“In the Heights” left Melissa Barrera heartbroken — but probably not for the reasons you’d assume.

Barrera starred in the 2021 musical adaptation opposite Anthony Ramos. In a new interview with The Hollywood Reporter, the “Scream” franchise alum said the press was “mean-spirited” to the ensemble film.

That’s not the only part of the “In the Heights” aftermath that bummed Barrera out. After being pumped-up so much about how her life was about “to change,” when it didn’t, it was “soul-crushing,” she said.

“My problem was with the press that came out that just felt mean-spirited toward the film,” Barrera said. “That was my first big studio movie, and everybody was telling us, ‘Your life is going to change.’ Then it doesn’t happen, so it was very heartbreaking and soul-crushing.”

The actress added, “But I’m grateful for how it happened. It taught me a lot about the industry, about myself, about expectations, about not letting the noise outside put a stain on my experience.”

Critics in the press were actually quite kind to “In the Heights.” A quick check of Rotten Tomatoes shows the movie is “Certified Fresh” at 94 percent. Box office coverage of “In the Heights” was not kind because the film was a flop.

It is likely Barrera is referring to the colorism casting issue that populated plenty of headlines. The backlash was so loud that even had “West Side Story” Oscar winner Rita Moreno coming to the defense of the Lin-Manuel Miranda musical film.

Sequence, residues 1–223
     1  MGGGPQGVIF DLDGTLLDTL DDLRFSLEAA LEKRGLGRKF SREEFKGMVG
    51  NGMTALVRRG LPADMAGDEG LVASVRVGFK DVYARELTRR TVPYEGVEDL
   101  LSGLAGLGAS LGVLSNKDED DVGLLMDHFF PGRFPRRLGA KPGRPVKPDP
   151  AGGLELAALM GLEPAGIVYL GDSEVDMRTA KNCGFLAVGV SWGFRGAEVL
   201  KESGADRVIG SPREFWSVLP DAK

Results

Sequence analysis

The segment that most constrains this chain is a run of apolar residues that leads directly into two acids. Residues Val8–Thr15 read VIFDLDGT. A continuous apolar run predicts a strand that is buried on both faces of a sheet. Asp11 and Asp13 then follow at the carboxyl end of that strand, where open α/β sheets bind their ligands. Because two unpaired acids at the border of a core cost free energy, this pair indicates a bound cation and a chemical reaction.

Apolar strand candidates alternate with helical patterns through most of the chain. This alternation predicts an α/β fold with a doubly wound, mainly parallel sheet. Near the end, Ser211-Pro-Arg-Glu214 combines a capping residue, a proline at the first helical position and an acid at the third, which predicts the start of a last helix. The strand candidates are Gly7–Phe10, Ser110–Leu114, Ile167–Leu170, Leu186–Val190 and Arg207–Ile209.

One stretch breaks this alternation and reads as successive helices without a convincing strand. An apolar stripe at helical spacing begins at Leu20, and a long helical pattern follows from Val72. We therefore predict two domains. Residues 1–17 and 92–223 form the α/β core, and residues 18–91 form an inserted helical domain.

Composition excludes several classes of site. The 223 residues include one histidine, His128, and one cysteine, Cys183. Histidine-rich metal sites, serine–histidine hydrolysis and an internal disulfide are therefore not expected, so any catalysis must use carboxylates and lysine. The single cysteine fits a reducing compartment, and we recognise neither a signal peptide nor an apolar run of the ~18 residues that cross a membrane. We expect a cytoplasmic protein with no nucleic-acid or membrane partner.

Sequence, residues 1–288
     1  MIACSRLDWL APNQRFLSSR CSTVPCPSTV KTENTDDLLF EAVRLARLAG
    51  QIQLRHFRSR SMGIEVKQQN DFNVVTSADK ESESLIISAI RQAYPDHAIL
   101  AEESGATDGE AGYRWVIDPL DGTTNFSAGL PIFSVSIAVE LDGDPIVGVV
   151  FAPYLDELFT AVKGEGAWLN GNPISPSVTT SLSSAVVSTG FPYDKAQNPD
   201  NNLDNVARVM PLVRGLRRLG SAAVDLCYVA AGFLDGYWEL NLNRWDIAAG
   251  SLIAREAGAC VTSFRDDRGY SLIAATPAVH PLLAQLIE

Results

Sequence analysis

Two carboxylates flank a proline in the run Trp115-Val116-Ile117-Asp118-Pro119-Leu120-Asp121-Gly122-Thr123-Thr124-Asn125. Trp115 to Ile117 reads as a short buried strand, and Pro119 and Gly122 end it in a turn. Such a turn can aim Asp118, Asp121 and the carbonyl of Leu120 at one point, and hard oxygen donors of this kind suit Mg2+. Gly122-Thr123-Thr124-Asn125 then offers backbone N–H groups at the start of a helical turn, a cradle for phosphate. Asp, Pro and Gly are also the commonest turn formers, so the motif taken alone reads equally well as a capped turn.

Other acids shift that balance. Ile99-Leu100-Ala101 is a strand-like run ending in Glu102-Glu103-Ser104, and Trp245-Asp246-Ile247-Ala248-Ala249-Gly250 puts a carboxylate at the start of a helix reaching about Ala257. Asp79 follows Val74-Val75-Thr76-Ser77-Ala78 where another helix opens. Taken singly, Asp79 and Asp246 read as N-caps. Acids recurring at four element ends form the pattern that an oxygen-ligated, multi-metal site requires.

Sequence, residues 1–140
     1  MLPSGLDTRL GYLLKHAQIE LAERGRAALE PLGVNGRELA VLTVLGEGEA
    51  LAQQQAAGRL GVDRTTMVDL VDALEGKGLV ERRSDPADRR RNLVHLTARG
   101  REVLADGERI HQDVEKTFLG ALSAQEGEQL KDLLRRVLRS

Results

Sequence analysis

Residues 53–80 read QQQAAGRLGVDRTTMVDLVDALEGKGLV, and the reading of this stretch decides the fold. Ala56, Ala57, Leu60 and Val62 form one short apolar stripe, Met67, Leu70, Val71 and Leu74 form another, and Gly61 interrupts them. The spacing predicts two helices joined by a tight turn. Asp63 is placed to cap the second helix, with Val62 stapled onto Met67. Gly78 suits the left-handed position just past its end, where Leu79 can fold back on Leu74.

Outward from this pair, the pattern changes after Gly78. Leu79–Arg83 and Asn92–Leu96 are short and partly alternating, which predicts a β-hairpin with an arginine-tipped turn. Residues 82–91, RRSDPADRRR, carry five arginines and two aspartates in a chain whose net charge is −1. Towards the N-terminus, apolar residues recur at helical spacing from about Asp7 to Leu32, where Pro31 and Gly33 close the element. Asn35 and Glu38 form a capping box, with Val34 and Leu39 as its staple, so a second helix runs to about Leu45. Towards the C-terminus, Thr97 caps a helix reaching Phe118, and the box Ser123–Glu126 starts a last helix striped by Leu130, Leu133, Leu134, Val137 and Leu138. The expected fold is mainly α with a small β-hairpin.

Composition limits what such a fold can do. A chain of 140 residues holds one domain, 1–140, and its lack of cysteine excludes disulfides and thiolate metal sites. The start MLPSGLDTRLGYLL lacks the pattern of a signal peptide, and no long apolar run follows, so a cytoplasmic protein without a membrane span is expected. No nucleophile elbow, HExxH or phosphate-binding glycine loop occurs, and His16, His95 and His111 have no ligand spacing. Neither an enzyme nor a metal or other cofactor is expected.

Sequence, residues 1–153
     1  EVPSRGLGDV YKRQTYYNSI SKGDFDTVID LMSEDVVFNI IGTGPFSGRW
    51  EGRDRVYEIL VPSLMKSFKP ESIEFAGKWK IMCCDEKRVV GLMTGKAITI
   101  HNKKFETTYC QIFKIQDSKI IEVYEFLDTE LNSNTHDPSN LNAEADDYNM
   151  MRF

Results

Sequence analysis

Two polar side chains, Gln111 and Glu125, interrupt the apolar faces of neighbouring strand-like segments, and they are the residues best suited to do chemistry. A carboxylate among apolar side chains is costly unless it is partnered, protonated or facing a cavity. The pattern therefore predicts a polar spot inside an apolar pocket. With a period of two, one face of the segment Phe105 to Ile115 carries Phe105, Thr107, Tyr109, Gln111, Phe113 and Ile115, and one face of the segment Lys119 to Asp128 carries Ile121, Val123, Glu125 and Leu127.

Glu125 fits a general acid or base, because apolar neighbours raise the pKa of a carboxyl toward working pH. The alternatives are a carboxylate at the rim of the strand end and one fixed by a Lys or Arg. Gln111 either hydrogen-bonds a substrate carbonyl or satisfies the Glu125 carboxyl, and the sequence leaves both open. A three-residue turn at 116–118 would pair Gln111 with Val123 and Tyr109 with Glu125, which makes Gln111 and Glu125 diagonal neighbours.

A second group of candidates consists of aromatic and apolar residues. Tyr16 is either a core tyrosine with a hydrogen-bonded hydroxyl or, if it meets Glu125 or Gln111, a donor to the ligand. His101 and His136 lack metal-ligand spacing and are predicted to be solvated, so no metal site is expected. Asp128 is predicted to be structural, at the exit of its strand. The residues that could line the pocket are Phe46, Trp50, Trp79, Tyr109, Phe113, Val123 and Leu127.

Miranda put out a statement on the racial representation in the adaptation of his Broadway epic, helmed by Jon M. Chu for the big screen.

“I started writing ‘In the Heights’ because I didn’t feel seen. And over the past 20 years all I wanted was for us — ALL of us — to feel seen,” Miranda wrote on social media. “I’m seeing the discussion around Afro-Latino representation in our film this weekend and it is clear that many in our dark-skinned Afro-Latino community don’t feel sufficiently represented within it, particularly among the leading roles.I can hear the hurt and frustration over colorism, of feeling still unseen in the feedback. I hear that without sufficient dark-skinned Afro-Latino representation, the work feels extractive of the community we wanted so much to represent with pride and joy.”

Miranda admitted that he felt the production “fell short” when “trying to paint a mosaic of this community” and apologized.

“I’m truly sorry. I’m learning from the feedback, I thank you for raising it, and I’m listening,” Miranda penned. “I’m trying to hold space for both the incredible pride in the movie we made and be accountable for our shortcomings. Thanks for your honest feedback. I promise to do better in my future projects, and I’m dedicated to the learning and evolving we all have to do to make sure we are honoring our diverse and vibrant community.”

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